We need new policies like FDR’s New Deal

In the March 31 column by Professor Steve Corbin, he discusses democratic socialism, but why did he fail to mention Franklin Roosevelt’s New Deal farm policy? That was one of the most important pieces of government economic and cultural legislation in the 20th century. Could it be because he is hesitant in his cultural position to challenge powerful neo-liberalists (free market ideologues) for fear of ridicule? In my activism since 1965 listening to agricultural economists, it’s as if Roosevelt’s New Deal never existed.

Roosevelt’s New Deal farm policies (parity price floors on grains, supply management, grain reserves and sound crop rotations) provided economic stability to farm families and rural communities. I lived through the New Deal, and farmers and rural communities were prospering. Golly, on Saturday nights you couldn’t find a place to park in Rhodes and that economic and cultural experience was happening all across rural America.

In the early 50s, New Deal farm policies came under siege by powerful free traders, deregulators of banking institutions, grain cartels and industrialists. Roosevelt’s New Wealth ideology (parity price floors on grains) was a direct threat to the profiteering of the banking fractional reserve system that brings money into the economy by loan transactions. Because of parity prices, farmers did not have to borrow or have an off farm job to put a crop in and pay for family living expenses. Roosevelt and Henry Wallace, his Sec. Of Agriculture, understood if farmers had to borrow, the added interest cost would force farmers to produce more, and that would upset supply and demand and cause downward pressure on prices.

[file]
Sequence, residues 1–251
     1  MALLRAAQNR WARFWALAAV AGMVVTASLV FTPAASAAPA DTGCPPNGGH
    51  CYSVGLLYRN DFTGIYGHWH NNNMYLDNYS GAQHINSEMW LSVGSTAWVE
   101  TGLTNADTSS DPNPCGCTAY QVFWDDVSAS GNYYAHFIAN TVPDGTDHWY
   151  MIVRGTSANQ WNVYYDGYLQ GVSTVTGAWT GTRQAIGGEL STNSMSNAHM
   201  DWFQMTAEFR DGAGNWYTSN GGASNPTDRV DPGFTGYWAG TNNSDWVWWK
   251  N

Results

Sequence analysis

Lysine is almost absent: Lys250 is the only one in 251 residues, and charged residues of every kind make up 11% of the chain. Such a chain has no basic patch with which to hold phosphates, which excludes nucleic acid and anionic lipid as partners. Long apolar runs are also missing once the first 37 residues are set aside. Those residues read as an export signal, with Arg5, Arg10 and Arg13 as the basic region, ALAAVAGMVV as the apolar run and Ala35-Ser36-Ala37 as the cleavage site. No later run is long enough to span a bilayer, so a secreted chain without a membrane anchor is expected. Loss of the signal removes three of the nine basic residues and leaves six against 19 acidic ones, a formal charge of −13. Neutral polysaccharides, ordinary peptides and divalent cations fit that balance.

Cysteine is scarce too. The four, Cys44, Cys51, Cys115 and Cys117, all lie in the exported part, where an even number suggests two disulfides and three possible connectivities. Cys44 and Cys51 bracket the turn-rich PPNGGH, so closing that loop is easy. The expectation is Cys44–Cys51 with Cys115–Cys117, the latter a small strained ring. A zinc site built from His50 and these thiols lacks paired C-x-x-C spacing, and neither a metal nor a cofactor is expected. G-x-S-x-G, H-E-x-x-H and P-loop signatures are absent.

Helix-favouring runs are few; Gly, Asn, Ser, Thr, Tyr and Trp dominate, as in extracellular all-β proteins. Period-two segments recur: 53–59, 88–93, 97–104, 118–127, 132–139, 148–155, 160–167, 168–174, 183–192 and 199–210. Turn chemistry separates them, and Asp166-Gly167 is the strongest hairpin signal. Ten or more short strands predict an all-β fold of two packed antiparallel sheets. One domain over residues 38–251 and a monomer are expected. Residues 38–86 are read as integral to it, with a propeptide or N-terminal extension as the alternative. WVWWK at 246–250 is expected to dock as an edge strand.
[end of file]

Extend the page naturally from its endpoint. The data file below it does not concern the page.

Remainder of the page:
The same debt rule applies to urban workers who are underpaid. How many times has anyone heard the President of the Federal Reserve say “Farmers need a Parity Price and workers need a living wage?”

In 1953 Congress and President Dwight D. Eisenhower betrayed farmers and started to dismantle the New Deal. Next came specialization, the gradual process of moving animal production off the farm into the hands of giant agribusiness conglomerates. The first to go was chicken and egg production, then dairy cows and hogs, all of which provided income and food for farm families and was vital to good crop rotations.

The Green New Deal recognizes farmers and workers produce the wealth in this nation and it’s time they got good farm prices and living wages.